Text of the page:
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Results for DC.creator="W." AND DC.creator="Minor" in section 11.4.4 of volume F |
Beam-2[theta]
International Tables for Crystallography (2012). Vol. F, Section 11.4.4.4, p. 285 [ doi:10.1107/97809553602060000833 ]
Beam-2[theta] 11.4.4.4. Beam-2[theta] The description of generalized multiple-axis goniostats introduced a conceptual change in the DENZO coordinate system. The data-collection axis can be oriented in any direction, so in principle rotx, roty and rotz no longer need to be defined relative to the data-collection ...
Beam-spindle
International Tables for Crystallography (2012). Vol. F, Section 11.4.4.3, pp. 284-285 [ doi:10.1107/97809553602060000833 ]
Beam-spindle 11.4.4.3. Beam-spindle Initially, DENZO supported only a single-axis goniostat and used a beam-spindle coordinate system to define the crystal and detector orientation, as well as polarization. The goniostat spindle axis was assumed to be horizontal, so the direction perpendicular to the beam and spindle was described ...
Data
International Tables for Crystallography (2012). Vol. F, Section 11.4.4.2, p. 284 [ doi:10.1107/97809553602060000833 ]
Data 11.4.4.2. Data The first (1983) DENZO implementation used the data coordinate system to describe the beam position on the detector and to define the integration box. This is still the case in order to keep backward compatibility. There are eight ways of relating detector-data order to the beam-gravity ...
Beam-gravity
International Tables for Crystallography (2012). Vol. F, Section 11.4.4.1, p. 284 [ doi:10.1107/97809553602060000833 ]
Beam-gravity 11.4.4.1. Beam-gravity To visualize a diffraction pattern, beam-gravity is the coordinate system clearly preferred by human physiology. The universal preference to relate to the gravity direction is revealed by the observation that people generally perceive an image in a mirror as inverted left-right rather than top ...
Coordinate systems
International Tables for Crystallography (2012). Vol. F, Section 11.4.4, pp. 284-285 [ doi:10.1107/97809553602060000833 ]
Coordinate systems 11.4.4. Coordinate systems There are four natural coordinate systems used to describe a diffraction experiment, defined by the order in which the diffraction-image pixels are stored in the detector, the beam and gravity, or the beam and the goniostat axis (spindle or 2[theta]). These coordinate systems ...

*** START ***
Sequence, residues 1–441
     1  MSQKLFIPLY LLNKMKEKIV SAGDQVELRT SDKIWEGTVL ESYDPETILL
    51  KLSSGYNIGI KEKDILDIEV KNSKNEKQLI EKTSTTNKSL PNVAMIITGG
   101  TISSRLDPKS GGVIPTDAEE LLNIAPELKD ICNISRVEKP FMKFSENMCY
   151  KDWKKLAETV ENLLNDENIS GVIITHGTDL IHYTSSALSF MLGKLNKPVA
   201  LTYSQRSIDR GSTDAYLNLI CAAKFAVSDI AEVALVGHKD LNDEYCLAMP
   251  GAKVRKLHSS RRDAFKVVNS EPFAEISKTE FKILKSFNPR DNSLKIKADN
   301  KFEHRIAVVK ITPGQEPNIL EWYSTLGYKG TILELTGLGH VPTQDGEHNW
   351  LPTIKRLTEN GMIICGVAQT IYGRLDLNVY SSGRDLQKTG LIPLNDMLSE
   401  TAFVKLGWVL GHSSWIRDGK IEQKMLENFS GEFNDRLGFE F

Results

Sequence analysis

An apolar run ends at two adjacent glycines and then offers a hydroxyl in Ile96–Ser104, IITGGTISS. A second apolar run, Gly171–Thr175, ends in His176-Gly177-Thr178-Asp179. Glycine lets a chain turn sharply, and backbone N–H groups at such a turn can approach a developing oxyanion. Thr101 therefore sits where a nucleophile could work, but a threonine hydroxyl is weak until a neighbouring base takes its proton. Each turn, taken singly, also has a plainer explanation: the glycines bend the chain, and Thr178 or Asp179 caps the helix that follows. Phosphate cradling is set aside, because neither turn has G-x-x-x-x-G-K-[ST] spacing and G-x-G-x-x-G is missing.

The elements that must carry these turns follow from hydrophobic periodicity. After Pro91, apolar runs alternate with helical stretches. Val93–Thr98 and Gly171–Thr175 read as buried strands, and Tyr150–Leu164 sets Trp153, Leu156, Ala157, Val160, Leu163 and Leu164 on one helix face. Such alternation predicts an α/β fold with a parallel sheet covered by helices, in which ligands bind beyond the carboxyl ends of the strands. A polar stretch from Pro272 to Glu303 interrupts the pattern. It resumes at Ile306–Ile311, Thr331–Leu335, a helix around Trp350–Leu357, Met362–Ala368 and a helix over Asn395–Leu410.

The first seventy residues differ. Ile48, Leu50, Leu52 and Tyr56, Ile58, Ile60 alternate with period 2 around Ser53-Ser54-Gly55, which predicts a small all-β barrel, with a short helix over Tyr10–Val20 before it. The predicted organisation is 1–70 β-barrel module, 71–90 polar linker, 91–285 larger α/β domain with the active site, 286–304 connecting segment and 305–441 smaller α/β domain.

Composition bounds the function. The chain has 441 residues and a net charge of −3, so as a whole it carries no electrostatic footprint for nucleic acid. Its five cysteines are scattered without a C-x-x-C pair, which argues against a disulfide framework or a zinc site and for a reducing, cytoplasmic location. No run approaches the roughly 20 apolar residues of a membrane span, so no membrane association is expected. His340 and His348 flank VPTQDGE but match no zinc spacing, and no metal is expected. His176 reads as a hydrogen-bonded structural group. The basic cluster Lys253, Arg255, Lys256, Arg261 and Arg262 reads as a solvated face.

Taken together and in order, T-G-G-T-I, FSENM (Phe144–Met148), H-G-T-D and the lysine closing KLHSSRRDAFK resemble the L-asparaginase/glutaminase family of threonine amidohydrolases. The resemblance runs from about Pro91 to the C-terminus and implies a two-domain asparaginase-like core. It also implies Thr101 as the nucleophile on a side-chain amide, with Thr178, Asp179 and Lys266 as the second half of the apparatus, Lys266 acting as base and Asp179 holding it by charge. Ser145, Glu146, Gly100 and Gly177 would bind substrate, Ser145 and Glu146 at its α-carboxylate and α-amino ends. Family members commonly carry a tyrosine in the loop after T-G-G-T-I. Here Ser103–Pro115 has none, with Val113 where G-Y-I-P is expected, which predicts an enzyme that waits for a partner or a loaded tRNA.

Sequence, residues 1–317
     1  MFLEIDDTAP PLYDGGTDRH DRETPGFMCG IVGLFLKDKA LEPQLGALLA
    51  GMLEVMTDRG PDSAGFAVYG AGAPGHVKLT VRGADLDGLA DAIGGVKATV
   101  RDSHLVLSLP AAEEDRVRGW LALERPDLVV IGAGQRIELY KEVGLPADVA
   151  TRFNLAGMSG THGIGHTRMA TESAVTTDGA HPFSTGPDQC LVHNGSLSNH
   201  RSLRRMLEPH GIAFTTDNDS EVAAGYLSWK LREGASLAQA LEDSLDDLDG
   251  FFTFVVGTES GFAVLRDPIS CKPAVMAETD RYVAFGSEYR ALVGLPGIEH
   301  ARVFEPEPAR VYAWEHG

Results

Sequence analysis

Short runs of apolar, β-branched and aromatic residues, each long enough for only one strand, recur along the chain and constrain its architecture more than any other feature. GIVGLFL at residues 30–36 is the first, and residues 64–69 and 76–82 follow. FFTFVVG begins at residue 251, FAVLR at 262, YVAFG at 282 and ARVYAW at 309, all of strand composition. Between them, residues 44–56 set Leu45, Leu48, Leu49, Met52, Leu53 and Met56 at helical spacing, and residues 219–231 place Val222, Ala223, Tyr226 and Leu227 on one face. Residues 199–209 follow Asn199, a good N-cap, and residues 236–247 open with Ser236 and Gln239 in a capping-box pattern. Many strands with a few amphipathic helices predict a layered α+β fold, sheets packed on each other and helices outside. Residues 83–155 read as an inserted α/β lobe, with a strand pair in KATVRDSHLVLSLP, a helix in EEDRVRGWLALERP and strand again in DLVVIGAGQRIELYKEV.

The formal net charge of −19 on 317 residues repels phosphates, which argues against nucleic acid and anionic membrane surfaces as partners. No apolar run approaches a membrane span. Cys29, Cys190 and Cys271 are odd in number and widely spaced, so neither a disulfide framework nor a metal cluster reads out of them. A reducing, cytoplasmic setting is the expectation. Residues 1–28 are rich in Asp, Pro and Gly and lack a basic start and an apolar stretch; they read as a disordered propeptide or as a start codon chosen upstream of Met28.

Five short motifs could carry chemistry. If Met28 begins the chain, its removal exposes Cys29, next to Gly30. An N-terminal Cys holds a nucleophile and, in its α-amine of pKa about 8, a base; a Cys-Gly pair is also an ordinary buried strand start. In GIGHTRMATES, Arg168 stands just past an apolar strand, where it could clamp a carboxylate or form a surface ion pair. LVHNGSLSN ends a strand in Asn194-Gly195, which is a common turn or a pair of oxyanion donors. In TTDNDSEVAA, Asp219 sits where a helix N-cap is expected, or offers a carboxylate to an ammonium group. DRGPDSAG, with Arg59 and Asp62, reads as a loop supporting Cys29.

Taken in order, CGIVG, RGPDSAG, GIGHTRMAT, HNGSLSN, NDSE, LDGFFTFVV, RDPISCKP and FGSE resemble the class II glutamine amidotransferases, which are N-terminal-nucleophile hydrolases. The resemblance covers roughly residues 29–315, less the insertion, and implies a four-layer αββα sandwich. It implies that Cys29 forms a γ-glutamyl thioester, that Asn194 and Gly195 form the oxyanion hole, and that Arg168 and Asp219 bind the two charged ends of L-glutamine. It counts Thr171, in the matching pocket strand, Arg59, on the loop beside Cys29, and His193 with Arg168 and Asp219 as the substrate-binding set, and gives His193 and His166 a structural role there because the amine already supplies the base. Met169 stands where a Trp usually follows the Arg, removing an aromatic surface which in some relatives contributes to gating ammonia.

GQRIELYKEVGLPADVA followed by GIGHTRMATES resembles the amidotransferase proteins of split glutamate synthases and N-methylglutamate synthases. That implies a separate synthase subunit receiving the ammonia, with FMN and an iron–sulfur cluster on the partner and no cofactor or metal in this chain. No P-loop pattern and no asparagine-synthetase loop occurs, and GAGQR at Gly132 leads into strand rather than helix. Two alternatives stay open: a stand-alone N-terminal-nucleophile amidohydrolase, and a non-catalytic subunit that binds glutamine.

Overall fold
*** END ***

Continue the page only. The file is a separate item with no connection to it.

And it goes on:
International Tables for Crystallography (2012). Vol. F, Section 11.4.4.4, p. 285 [ doi:10.1107/97809553602060000833 ]
Beam-2[theta] 11.4.4.4. Beam-2[theta] The description of generalized multiple-axis goniostats introduced a conceptual change in the DENZO coordinate system. The data-collection axis can be oriented in any direction, so in principle rotx, roty and rotz no longer need to be defined relative to the data-collection ...
Beam-spindle
International Tables for Crystallography (2012). Vol. F, Section 11.4.4.3, pp. 284-285 [ doi:10.1107/97809553602060000833 ]
Beam-spindle 11.4.4.3. Beam-spindle Initially, DENZO supported only a single-axis goniostat and used a beam-spindle coordinate system to define the crystal and detector orientation, as well as polarization. The goniostat spindle axis was assumed to be horizontal, so the direction perpendicular to the beam and spindle was described ...
Data
International Tables for Crystallography (2012). Vol. F, Section 11.4.4.2, p. 284 [ doi:10.1107/97809553602060000833 ]
Data 11.4.4.2. Data The first (1983) DENZO implementation used the data coordinate system to describe the beam position on the detector and to define the integration box. This is still the case in order to keep backward compatibility. There are eight ways of relating detector-data order to the beam-gravity ...
Beam-gravity
International Tables for Crystallography (2012). Vol. F, Section 11.4.4.1, p. 284 [ doi:10.1107/97809553602060000833 ]
Beam-gravity 11.4.4.1. Beam-gravity To visualize a diffraction pattern, beam-gravity is the coordinate system clearly preferred by human physiology. The universal preference to relate to the gravity direction is revealed by the observation that people generally perceive an image in a mirror as inverted left-right rather than top ...
Coordinate systems
International Tables for Crystallography (2012). Vol. F, Section 11.4.4, pp. 284-285 [ doi:10.1107/97809553602060000833 ]
Coordinate systems 11.4.4. Coordinate systems There are four natural coordinate systems used to describe a diffraction experiment, defined by the order in which the diffraction-image pixels are stored in the detector, the beam and gravity, or the beam and the goniostat axis (spindle or 2[theta]). These coordinate systems ...
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